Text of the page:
Texas Secretary of State Carlos H. Cascos was on campus Oct. 6 to speak with students about the importance of voting. The Secretary held an open forum with young voters where he asked them why some of them don’t vote and offered solutions to their concerns. Secretary Cascos began by sharing a story of how voter turnout has impacted his own political career. In 2010, Cascos was running for re-election as County Judge in Cameron County. “This is when it gets to where every vote is important. I get a call from the elections administrator. He said, ‘Congratulations, you won by 87 votes.’ At 1:00 in the morning, I get another call. He said, ‘We’ve found a box [of ballots]. You lost by 5 votes,” Cascos said. It turned out that the box had already been counted. The election went to a recount and Cascos ended up winning the election by 69 votes. However, that election was an eye-opening moment. “Right then and there, there was an awakening that every vote does count. Every vote is important,” he said. Cascos also urged students not to simply fall under the umbrella of a certain political party. Instead, he challenged students to only vote for candidates they are familiar with and believe in. “There’s such a thing called the straight-ticket vote. Whether you’re a democrat or republican, I disagree with it,” Cascos said. “Neither side of the aisle has a monopoly on good government. They both have good ideas and not so good ideas.” The secretary asked students who don’t vote to reveal the reason why. Sophomore political science major Sam Casey said he hasn’t voted because he doesn’t feel that politicians have done a good enough job to earn his vote. “It’s like I’m the boss and you’re the interviewee. I’m not going to go search for you and try and find you for the job, you need to apply for the job. As a voter you need to come earn my vote. So I haven’t voted because I haven’t felt compelled to vote for someone,” Casey said. Cascos discussed several reasons why people would decide not to vote – including a lack of knowledge about candidates and not having a favorable candidate to vote for – but said that in the end, avoiding the polls restricts the control that citizens have. “Let me recommend something. Go and vote anyway and vote a blank ballot. It counts as a number. State and federal officials look at those numbers. If there’s 10,000 blanks, I think that sends out a much louder signal,” Cascos said. “When you put in a blank ballot,...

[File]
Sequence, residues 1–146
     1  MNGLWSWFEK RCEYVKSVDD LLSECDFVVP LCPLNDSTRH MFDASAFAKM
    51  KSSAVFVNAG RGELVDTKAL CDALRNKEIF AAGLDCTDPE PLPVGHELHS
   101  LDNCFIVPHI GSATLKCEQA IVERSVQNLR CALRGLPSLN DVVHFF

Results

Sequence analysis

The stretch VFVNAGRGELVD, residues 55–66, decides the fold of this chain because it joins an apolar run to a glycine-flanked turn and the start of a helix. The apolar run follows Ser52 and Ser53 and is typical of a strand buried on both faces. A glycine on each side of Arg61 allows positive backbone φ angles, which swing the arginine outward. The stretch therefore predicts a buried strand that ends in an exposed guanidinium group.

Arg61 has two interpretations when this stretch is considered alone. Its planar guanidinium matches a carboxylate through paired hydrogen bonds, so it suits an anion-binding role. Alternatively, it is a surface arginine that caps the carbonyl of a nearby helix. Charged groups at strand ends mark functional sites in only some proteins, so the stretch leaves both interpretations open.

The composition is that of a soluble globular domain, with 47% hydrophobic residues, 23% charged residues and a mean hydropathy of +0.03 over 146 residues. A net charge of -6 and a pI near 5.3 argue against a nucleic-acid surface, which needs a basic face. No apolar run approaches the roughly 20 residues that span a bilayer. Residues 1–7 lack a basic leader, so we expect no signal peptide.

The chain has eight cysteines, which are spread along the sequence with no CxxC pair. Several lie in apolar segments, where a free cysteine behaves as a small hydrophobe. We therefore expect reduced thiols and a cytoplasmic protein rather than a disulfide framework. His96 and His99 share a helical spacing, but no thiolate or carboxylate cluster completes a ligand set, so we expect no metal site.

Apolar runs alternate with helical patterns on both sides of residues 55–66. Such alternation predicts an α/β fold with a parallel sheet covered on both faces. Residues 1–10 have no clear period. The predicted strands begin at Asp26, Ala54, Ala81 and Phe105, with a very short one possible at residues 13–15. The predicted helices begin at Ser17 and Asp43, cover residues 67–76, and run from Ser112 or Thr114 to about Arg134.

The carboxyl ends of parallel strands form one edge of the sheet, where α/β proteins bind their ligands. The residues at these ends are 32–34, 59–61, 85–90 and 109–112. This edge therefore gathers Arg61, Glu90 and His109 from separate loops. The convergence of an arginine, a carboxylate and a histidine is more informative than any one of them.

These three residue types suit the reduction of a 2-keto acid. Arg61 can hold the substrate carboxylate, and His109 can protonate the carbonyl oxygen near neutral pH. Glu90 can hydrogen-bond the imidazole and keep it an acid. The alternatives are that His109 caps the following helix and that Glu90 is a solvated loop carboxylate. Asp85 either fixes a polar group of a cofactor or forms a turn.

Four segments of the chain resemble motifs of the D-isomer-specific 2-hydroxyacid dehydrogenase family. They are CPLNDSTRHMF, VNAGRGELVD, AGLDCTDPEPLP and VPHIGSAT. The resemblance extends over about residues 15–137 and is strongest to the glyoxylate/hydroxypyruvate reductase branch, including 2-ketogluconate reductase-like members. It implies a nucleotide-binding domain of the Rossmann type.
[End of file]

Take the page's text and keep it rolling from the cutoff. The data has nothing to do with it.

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BSM celebrates 95 years of serving UMHB
Oct14

BSM celebrates 95 years of serving UMHB